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Archive for September 20th, 2011

Refugees crossing borders

Posted by African Press International on September 20, 2011

Of the 9,500 Congolese in Gabon, at least 692 had crossed the border to return to Congo by 1 September (file photo)

BRAZZAVILLE,  – The refugee status of 9,500 people from the Republic of Congo, who have been in neighbouring Gabon since the late 1990s, expired on 31 July, but many are still reluctant to return home.

“Many want to go home but are worried about conditions. We have no houses, no work. Soon it’s back to school and we worry about our children’s education,” said Philippe Vangou, head of a large family, a recent returnee to Brazzaville, the Congo capital.

As of 1 September, of the 9,500 refugees, at least 692 had crossed the border to return to Congo by land and air. The UN Refugee Agency (UNHCR) registered 553 returns in August.

“UNHCR is organizing repatriation, from registration formalities to departure,” said Philippe Bateza, a UNHCR protection officer in Brazzaville, noting that since the signing in 2001 of a tripartite agreement between Gabon, Congo and UNHCR on repatriation, only 2,609 have returned.

“The Congolese authorities… want to reinvigorate the process,” he said.

“So far, 1,700 applications for residence permits – for about 3,500 people – have been lodged with the Gabonese authorities,” UNHCR public information officer Daniela Livia Biciu told IRIN.

“When you count, you find that the number of undecided people is still very significant. What will most of these people decide to do? The next two months will allow us to identify the trend,” Gabriel Ontsira, director of humanitarian information at the Congolese Ministry of Humanitarian Action, told IRIN.

Almost all the Congolese refugees fled to Gabon after several civil wars, which rocked southern and southwestern Congo in 1997-2003. They were chased out of the Bouenza, Niari and Lékoumou areas where armed groups clashed with government forces.

“About 65 percent of returnee children were born during the exile of their parents,” said UNHCR.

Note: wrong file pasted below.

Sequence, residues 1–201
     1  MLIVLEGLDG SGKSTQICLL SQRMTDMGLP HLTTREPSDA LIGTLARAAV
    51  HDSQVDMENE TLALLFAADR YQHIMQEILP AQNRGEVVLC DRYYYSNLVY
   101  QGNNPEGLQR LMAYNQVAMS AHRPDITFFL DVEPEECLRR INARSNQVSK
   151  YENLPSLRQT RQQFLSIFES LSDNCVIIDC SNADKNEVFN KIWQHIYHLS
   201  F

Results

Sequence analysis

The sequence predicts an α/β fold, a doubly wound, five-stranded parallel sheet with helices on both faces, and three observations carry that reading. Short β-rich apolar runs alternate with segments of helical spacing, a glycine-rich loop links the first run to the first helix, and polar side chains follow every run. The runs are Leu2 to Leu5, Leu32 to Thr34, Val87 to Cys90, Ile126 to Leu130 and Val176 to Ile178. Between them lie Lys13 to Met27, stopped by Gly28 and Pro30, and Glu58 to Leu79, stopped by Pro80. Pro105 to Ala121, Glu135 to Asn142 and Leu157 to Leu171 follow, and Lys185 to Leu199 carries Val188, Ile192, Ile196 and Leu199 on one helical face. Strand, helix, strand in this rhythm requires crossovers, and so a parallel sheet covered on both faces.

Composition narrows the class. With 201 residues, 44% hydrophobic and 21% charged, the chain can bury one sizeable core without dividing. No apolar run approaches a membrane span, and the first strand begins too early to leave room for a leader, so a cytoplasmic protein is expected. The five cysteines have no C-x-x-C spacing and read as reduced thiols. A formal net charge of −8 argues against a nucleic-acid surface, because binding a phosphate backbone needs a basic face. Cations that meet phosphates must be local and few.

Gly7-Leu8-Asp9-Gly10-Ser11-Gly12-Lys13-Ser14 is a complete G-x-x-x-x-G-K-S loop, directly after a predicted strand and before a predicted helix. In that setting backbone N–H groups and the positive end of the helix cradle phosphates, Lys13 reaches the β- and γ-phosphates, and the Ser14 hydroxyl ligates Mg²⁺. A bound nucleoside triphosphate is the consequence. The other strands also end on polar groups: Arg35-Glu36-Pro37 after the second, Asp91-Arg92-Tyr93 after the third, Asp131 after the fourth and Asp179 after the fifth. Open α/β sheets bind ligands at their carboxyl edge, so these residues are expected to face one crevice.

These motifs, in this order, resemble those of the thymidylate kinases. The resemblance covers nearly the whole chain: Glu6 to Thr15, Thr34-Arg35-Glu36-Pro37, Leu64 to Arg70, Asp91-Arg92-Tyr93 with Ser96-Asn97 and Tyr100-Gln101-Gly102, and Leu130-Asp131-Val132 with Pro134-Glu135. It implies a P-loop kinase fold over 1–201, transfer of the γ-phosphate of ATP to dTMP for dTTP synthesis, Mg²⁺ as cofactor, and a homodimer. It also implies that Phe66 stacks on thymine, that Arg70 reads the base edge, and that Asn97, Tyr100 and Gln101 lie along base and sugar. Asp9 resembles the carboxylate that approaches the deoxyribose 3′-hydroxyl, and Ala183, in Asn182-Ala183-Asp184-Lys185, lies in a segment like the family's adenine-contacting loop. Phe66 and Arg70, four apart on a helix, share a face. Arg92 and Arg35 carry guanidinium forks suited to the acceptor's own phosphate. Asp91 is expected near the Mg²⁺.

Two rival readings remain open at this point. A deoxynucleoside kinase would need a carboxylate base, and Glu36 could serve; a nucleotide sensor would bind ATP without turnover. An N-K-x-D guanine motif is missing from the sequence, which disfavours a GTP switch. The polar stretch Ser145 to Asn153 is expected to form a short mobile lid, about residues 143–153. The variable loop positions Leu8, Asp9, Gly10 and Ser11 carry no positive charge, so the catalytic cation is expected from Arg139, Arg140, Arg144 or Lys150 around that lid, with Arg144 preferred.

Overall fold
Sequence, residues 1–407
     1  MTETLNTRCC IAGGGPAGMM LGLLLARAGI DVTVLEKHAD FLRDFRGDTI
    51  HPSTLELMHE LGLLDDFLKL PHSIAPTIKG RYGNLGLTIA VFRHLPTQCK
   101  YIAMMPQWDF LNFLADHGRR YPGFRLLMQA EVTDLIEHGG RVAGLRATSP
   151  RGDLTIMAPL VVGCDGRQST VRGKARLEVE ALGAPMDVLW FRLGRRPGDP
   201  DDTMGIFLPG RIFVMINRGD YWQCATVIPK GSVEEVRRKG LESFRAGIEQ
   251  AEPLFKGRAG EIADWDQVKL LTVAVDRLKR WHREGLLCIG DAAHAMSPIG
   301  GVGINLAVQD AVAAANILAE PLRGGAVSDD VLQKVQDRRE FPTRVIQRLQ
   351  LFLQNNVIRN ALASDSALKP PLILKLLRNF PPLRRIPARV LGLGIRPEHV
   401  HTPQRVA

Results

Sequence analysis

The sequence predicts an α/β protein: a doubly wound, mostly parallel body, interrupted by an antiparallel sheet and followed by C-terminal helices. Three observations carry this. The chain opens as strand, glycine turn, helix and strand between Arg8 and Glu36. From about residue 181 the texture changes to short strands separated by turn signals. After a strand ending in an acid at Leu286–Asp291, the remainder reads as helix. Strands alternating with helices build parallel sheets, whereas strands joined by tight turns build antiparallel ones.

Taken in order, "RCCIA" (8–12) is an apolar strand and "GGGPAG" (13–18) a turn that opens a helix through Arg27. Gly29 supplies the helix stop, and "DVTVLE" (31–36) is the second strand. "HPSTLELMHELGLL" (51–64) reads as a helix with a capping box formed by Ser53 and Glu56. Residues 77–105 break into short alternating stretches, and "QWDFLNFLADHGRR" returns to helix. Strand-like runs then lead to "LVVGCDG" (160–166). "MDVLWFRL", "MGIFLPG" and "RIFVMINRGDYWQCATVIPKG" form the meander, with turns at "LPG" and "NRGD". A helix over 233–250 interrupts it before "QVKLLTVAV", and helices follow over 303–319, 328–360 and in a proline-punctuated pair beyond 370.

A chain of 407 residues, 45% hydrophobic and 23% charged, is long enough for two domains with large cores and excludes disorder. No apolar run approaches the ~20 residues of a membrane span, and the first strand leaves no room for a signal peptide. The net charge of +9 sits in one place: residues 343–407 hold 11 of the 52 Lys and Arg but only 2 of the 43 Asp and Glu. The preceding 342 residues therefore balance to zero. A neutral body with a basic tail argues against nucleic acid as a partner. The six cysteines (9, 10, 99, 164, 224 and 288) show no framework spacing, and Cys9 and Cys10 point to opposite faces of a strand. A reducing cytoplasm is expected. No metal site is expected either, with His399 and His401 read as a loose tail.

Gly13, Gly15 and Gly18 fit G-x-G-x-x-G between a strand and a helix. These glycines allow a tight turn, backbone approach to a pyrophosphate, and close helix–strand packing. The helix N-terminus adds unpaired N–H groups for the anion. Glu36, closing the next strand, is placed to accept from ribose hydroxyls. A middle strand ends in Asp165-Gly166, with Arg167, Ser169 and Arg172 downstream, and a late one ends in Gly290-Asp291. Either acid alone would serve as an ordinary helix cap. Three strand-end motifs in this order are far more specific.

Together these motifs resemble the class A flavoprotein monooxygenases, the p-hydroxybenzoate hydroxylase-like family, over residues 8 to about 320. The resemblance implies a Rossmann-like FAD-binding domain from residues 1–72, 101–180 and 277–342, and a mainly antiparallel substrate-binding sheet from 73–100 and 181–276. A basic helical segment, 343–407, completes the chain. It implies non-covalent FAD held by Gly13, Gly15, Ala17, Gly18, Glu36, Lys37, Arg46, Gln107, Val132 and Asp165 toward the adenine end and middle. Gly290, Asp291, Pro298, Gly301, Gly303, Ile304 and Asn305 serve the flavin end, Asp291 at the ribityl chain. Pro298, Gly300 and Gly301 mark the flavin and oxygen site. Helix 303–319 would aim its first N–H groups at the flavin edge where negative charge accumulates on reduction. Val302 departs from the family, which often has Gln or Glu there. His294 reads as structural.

Photo: OCHA/Reliefweb
Map of the ROC

To encourage the return of their citizens, the Congolese authorities have had an amnesty in place since 1999 for people who took an active part in the war.

Accommodation problem

“We came back home. We were received by our families but there is a big accommodation problem because in the intervening period our families have grown,” a 39-year-old refugee near Dolisie (Congo’s third-largest city), who wanted to be known only as Paul, told IRIN.

“Not everything is going as we would have wished. It’s a start. We are learning to live again. I think we will eventually adapt,” he added. 

“For many, the family has grown and become a great burden,” said Ontsira.

UNHCR is providing the equivalent of US$200 per adult and $100 per child “to help them make ends meet in the first few days”, said Bateza.

The Congolese government has set aside 300 million CFA francs ($600,000) to help the refugees.

With regard to reintegration, the government claims to have taken all the necessary measures.

“Officials are received by their former local authorities, and their salary arrears are paid; and the same goes for pensioners,” said Ontsira.

lmm/cb/mw source www.irinnews.org

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Thailand – Care for refugees by refugees

Posted by African Press International on September 20, 2011

A baby sleeps inside a homemade blue light incubator in Mae La

MAE SOT,  – Just as staff at the maternity clinic in the Mae La refugee camp began learning about special care for newborns, a baby was born six weeks premature, weighing 1.3kg.